Posttraumatic Growth, Metacognitive Beliefs, Self-Absorption and Dysfunctional Trauma-Related Attitudes in a Sample of the Spanish General Population
Background: The prevailing theoretical models of posttraumatic growth (PTG) are fundamentally cognitive. However, few studies have examined the relationship of PTG with metacognitive beliefs, self-focused attention and trauma-related attitudes toward the world and oneself. These cognitive constructs might influence in the development of PTG. The aim of the study was to examine the relationship of PTG with dysfunctional metacognitive beliefs, dysfunctional self-focused attention (self-absorption), and dysfunctional trauma-related attitudes.
Method: A sample of 250 adults (58.8% women; average age = 41.9 years) who had suffered a traumatic event in the past (on average, 14.5 years prior to the study) completed tests measuring those three cognitive constructs, symptoms of posttraumatic stress and depression, optimism, and PTG.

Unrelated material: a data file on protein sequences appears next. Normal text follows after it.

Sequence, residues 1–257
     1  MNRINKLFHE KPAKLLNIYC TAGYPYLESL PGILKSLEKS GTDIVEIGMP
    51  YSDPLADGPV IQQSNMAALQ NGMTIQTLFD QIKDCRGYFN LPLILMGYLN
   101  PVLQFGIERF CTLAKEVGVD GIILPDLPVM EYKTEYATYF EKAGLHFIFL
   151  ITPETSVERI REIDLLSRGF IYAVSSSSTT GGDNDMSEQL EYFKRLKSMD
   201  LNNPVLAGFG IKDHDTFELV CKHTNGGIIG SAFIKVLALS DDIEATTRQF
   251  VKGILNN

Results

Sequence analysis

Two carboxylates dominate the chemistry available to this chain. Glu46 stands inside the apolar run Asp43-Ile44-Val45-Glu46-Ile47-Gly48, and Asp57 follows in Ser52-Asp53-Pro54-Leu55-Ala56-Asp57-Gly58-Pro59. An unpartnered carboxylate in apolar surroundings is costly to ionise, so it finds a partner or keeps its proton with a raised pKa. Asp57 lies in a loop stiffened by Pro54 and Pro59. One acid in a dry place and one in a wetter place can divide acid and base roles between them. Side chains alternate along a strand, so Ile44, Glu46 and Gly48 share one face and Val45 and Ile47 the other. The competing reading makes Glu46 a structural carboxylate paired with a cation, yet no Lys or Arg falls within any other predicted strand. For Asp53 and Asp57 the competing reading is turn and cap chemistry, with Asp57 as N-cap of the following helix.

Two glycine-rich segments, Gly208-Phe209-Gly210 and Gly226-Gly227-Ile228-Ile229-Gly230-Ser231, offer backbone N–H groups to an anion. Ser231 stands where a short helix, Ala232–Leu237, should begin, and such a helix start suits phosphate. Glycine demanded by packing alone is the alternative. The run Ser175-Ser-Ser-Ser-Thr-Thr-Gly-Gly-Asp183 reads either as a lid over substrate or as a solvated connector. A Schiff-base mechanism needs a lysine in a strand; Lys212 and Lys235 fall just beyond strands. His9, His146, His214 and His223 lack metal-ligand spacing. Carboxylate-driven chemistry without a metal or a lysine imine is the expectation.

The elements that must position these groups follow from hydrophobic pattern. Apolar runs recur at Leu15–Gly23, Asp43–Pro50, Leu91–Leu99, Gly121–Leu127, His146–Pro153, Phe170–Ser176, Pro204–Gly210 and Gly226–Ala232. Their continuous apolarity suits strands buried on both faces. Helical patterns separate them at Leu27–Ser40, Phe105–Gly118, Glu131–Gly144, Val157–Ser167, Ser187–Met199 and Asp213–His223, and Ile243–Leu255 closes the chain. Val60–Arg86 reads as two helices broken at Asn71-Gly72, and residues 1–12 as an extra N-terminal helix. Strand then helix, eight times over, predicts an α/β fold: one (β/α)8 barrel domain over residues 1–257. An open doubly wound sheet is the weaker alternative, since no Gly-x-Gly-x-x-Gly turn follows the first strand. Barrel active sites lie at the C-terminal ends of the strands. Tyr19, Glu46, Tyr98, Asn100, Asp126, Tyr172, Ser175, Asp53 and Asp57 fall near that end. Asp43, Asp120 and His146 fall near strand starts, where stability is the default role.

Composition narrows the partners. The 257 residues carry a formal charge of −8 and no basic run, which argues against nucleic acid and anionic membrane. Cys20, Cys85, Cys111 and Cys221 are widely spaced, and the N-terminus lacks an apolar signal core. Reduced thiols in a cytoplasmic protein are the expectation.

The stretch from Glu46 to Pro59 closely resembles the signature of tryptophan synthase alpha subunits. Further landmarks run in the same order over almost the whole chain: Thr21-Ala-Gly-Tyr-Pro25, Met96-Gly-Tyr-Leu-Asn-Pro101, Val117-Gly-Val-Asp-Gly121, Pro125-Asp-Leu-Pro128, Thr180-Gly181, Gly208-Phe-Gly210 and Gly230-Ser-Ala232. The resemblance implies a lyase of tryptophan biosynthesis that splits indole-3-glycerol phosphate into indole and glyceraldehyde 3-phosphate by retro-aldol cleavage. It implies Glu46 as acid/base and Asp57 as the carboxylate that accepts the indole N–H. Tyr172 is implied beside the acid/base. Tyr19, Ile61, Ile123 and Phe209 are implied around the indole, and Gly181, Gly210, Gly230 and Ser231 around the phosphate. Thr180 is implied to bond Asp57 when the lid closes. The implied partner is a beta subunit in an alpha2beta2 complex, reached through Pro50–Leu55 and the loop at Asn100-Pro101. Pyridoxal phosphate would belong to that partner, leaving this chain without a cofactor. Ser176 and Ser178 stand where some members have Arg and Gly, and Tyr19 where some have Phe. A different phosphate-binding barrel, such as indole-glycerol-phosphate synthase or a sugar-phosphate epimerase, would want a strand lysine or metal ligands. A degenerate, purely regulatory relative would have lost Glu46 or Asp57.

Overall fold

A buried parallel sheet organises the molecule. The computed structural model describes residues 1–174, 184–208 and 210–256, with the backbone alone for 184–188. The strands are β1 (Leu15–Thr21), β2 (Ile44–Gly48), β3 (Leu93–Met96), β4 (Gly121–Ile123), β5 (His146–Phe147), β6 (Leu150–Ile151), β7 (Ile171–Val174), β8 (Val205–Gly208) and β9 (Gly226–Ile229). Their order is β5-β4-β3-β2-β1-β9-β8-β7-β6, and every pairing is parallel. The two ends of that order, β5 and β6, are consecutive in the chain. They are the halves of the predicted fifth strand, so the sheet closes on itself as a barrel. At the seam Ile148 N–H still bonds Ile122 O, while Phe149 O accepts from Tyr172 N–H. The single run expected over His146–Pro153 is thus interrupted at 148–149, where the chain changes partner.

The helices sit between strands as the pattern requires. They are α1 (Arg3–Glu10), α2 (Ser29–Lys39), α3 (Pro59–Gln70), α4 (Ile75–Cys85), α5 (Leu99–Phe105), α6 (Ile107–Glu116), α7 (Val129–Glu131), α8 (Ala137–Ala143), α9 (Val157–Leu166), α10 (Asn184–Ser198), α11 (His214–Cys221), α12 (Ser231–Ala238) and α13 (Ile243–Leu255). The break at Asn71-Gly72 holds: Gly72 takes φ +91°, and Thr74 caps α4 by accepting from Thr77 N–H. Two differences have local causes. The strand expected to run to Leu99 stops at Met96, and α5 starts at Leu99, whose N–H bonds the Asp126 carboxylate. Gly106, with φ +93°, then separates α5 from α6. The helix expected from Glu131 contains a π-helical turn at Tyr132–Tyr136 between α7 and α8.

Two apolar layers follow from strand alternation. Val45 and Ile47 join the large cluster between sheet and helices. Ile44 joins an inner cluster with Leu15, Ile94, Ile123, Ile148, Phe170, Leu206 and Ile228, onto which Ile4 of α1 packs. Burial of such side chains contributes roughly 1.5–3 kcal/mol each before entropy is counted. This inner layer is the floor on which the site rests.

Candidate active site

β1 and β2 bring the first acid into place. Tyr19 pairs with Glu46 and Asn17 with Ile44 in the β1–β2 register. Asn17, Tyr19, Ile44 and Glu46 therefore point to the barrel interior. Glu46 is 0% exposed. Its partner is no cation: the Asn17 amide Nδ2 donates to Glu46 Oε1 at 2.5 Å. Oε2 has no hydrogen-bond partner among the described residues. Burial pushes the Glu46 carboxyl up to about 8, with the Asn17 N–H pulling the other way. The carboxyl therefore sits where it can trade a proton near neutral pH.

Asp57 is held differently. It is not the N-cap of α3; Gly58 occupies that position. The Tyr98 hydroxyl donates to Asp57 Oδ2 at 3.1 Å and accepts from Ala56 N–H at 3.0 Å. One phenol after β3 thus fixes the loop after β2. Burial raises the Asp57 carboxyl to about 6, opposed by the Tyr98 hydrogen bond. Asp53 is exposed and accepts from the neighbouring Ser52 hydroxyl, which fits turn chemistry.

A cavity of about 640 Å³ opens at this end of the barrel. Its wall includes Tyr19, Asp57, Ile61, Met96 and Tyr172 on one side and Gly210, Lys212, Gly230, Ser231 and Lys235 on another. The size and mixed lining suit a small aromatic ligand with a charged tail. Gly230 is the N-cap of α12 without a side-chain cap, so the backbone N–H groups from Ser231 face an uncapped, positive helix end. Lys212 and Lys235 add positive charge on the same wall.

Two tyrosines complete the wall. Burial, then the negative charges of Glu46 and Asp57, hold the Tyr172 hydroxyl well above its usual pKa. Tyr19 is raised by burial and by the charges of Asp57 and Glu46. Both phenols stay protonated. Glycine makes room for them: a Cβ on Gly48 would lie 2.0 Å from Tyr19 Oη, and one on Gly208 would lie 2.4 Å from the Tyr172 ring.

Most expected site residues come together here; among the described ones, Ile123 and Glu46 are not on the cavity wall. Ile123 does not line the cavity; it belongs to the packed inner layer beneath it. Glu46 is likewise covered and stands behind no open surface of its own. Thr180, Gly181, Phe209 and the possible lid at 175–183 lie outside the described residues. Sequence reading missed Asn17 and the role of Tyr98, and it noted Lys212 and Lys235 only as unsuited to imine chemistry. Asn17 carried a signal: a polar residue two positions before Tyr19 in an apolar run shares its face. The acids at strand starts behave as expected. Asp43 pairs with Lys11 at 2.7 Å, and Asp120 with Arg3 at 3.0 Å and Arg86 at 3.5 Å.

Results: Multiple regression analyses revealed significant linear and inverted U-shaped relationships between some dimensions of PTG and negative beliefs about the uncontrollability and danger of worry, cognitive self-consciousness, private self-absorption, and dysfunctional traumatic attitudes related to chronification of distress. However, the variables that showed the greatest and most consistent relationships with PTG were the number of traumatic events suffered and posttraumatic stress symptomatology and, to a lesser extent, optimism and depressive symptomatology.
Conclusion: The results highlight the important role that cognitive factors play in PTG. More specifically, the results underline the important role of people’s basic attitudes toward themselves and the world, as well as the role of self-focused attention and metacognitive beliefs. The results also support the hypothesis that a certain degree of emotional distress may be a necessary precondition for PTG.
Ansiedad y Estrés
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